All posts tagged: should Christians celebrate Halloween

The Christian and pagan roots of Halloween

Halloween has its roots in both the ancient Roman Catholic tradition of All Saints’ Day and Celtic paganism. Traditionally, All Saints’ Eve or All Hallows Eve from which we get the term Halloween has been celebrated on Oct. 31 by the Roman Catholic Church for centuries. All Saints Day was first commemorated by Pope Gregory III (731-741) on Nov 1, to honor the construction of an oratory for Saint Peter. The day was set aside to commemorate all who had died, particularly the saints and martyrs. All Saints’ Eve was celebrated the night before on Oct 31. Since the Roman Catholic Church believes in praying for the souls of the dead, this quickly became the main feature of the All Saints’ Day/Eve celebration. Roman Catholic theology believes in purgatory, which is a place where people can go to pay penance for their sins, before continuing on to heaven. The prayers for the dead are intended to shorten a soul’s stay in this intermediary state. The practice dilutes Jesus perfect sacrifice for the sins of the …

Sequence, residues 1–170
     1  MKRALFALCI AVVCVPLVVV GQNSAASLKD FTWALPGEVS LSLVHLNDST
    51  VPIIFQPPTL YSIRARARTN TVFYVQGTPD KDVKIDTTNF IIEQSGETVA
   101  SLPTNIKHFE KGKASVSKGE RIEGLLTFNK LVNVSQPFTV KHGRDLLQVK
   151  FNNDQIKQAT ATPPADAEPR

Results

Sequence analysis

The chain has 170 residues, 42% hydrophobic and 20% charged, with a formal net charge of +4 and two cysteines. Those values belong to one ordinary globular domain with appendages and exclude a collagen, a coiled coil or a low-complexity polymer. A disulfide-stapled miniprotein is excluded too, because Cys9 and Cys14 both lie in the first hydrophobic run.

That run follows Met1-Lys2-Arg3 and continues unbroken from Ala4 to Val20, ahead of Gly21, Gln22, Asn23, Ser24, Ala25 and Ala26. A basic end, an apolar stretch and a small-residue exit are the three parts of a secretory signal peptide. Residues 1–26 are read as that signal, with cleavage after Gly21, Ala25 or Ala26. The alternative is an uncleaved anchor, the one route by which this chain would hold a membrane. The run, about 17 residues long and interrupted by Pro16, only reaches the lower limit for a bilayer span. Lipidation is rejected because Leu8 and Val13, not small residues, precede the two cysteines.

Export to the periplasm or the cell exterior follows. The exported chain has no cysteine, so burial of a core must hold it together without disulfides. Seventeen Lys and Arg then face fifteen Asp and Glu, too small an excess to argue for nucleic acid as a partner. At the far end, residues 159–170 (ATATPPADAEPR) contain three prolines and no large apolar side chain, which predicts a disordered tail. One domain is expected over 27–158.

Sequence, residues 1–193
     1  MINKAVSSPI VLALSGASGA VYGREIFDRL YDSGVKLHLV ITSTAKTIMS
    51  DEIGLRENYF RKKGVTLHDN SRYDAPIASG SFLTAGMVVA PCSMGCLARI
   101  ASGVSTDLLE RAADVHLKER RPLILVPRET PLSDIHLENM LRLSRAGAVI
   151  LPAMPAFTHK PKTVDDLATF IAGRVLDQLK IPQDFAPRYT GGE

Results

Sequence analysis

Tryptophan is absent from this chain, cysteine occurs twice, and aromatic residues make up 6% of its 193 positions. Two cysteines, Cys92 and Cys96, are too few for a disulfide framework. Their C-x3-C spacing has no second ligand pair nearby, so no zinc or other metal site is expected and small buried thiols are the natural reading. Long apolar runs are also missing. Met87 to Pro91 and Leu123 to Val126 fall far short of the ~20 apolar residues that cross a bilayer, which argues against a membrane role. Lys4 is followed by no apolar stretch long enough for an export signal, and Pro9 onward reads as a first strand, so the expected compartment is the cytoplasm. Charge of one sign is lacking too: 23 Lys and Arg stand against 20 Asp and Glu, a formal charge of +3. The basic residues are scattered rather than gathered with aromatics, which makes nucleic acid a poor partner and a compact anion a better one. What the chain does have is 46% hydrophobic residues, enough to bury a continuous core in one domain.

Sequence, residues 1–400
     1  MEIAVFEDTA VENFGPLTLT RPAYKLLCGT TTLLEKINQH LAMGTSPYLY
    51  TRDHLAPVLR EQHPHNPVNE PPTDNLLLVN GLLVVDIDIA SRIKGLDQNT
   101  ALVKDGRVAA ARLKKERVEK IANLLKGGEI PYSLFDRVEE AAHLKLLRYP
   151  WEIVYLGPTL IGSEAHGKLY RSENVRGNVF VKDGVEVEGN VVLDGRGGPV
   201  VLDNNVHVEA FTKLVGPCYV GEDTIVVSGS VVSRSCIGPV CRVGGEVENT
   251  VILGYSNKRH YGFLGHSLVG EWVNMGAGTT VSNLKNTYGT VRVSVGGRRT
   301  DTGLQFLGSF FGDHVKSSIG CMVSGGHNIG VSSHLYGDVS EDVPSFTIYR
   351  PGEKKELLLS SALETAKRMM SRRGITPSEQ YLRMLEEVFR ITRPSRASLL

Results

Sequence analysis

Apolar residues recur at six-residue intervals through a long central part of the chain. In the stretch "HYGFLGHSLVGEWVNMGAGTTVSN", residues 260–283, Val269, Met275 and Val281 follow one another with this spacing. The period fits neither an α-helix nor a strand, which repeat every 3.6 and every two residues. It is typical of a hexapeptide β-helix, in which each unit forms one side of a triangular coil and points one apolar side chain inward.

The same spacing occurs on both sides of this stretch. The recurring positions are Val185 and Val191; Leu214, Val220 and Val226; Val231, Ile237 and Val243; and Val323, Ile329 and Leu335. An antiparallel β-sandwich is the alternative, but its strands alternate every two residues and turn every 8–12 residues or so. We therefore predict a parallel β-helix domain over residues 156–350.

In celebration of the church’s 3 main holidays, Christmas, Easter/Passover and Oct 31?

Christians all over the world would probably agree that the celebration of Christ’s birth and His death and Resurrection are the two most important days in the church’s calendar. But allow me to now add a third day, Oct. 31. No, I am not referring to Halloween or even All Saints’ Day. Halloween, birthed in pagan fears, has to be the worst thing for believers to celebrate. Overindulging in sugar and wearing silly outfits often glorifying evil is strange because evil does exist. Years ago when I did security for a large corporate hotel, Halloween was the worst day of the year for the drunks, fights and all-around mayhem. Yet, we, the church, already have this date, Oct. 31, to celebrate. It is the most significant date in church history since the Book of Revelation was written. The problem is that we collectively have all but forgotten what we have and where we came from. Most Christian historians and theologians agree that the Protestant Reformation started on Oct. 31 in 1517. On that auspicious day, …